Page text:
I recently completed a dissertation focused on sound in cinema via the films of Fritz Lang. The first chapter is a literature review which attempts to establish a historical and theoretical foundation of the topic, my work on Lang’s cinema then picks up after this.
Take a look at my essay thesis below, and, if interested, click the link at the bottom of this page to read the entire piece.
Keep engaged in film viewing, theory, and criticism. Cinema is one of the most important arts of expression we have at our disposal – in times such as the modern age, we must never forget that!
How did the inclusion of ‘noise’ and ‘the voice’ together as sound transform the aesthetic qualities of the visual silent cinema? How does sound inform filmic space, create presence and meaning, or even establish a connection from the film’s spectator and characters to emerging sound technologies as devices of influence and power? Upon the death of silence, in defiance of early critics and technical complications, how did the language of cinema grow and transform from an art form dependent on visual imagery to one constructed of audio- visual elements working collectively to form a cause of expressive unity?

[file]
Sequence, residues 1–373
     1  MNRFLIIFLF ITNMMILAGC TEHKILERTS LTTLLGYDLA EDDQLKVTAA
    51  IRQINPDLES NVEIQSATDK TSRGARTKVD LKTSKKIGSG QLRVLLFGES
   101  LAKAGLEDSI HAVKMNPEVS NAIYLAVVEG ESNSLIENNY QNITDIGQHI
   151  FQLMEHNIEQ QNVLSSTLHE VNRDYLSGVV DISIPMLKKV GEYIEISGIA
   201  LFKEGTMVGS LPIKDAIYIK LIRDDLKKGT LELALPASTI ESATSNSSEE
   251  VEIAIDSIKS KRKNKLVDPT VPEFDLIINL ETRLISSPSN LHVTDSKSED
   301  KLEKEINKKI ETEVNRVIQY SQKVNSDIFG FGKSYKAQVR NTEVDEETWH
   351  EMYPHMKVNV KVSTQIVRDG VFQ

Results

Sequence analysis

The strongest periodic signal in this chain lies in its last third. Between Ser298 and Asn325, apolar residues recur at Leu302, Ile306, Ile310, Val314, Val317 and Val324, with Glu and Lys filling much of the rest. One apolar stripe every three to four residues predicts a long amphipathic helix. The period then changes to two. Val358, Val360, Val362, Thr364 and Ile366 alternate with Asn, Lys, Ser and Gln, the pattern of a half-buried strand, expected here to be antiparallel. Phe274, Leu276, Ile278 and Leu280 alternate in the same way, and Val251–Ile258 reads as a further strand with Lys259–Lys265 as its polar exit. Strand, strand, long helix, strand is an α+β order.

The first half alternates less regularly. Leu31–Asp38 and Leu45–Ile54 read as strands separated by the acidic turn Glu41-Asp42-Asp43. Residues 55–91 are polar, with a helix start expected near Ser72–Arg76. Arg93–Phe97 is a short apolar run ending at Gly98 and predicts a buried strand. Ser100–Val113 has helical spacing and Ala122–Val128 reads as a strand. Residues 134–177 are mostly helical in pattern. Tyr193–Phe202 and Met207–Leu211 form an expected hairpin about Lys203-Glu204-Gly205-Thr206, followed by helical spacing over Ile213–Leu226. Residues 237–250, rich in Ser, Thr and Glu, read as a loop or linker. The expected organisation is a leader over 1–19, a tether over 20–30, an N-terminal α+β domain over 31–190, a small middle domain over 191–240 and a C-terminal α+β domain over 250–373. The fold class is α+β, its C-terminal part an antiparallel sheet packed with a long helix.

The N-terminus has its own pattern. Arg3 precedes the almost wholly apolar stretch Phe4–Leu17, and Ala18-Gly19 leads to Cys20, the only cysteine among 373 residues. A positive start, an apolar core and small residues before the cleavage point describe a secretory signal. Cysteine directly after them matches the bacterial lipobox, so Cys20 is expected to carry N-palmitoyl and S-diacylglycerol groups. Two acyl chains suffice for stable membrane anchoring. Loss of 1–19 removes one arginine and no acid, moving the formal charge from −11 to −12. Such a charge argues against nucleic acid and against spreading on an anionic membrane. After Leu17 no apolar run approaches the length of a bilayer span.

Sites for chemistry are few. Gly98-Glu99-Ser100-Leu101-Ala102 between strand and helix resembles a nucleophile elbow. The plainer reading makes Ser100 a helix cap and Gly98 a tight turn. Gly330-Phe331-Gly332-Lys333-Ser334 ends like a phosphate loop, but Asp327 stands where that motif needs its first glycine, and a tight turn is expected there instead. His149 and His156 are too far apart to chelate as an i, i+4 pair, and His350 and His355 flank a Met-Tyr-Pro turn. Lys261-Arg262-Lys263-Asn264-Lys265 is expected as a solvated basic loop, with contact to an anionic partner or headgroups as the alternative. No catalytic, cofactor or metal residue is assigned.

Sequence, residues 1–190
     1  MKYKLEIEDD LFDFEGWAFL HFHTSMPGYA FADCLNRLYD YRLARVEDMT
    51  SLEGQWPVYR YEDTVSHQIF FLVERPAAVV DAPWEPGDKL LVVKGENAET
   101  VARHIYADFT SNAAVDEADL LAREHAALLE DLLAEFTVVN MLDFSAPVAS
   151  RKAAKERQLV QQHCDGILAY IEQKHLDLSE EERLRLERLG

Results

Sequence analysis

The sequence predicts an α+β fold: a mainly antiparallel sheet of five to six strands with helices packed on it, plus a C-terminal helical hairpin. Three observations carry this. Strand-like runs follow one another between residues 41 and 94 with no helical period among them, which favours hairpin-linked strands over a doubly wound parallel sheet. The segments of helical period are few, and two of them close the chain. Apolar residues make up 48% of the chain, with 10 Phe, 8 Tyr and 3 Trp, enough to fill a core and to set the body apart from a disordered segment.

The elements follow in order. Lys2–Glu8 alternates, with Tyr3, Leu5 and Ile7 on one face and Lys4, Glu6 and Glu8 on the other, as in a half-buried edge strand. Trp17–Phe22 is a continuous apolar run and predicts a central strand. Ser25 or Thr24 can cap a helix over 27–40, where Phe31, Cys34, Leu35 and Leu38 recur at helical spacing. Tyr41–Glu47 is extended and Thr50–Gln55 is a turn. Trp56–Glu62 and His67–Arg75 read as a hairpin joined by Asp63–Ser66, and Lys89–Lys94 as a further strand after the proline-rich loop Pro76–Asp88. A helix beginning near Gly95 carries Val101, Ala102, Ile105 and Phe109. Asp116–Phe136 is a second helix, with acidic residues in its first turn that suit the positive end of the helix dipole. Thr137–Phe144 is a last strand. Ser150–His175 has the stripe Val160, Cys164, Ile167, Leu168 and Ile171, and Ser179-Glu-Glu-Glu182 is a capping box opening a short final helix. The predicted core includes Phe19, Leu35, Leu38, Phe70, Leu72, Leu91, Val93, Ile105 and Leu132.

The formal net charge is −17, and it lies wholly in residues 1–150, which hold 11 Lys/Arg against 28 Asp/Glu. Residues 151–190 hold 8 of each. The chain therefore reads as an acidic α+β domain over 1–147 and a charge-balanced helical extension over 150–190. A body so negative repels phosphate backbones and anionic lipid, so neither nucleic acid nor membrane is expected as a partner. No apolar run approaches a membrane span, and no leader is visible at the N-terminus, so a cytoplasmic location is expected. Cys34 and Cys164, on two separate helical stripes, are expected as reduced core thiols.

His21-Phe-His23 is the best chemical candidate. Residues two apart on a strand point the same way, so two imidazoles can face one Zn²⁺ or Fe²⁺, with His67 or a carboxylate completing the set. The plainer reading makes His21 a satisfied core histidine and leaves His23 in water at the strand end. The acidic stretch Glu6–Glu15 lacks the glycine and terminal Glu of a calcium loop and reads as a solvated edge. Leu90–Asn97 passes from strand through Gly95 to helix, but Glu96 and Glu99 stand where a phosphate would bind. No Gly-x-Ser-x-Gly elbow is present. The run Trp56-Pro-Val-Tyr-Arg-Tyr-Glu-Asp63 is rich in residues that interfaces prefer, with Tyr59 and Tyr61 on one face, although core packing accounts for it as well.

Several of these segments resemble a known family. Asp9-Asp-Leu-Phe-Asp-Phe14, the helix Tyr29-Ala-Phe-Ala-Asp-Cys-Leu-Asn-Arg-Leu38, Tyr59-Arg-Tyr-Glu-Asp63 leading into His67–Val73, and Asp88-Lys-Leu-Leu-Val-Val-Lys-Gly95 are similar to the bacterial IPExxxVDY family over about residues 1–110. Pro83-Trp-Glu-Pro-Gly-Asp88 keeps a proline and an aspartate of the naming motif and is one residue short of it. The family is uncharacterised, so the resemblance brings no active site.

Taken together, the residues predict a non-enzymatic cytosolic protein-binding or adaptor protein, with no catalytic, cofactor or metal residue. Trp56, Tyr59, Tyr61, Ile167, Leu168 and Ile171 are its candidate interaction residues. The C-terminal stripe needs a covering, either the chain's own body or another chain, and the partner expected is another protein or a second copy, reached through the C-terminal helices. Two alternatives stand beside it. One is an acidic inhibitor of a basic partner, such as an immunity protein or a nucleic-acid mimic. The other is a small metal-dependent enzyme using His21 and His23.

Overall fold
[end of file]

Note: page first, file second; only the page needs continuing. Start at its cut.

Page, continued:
In this paper, I shall attempt to answer these encompassing questions within two smaller filmic case studies, each directed by the pioneering German film director, Fritz Lang. Lang began his filmmaking career within the silent cinema, directing influential and innovative films such as Metropolis (1927) and Woman in the Moon (1929), yet what makes Lang essential to this study is his highly successful transition to sound cinema, which he not only found success within, but also helped expand creatively.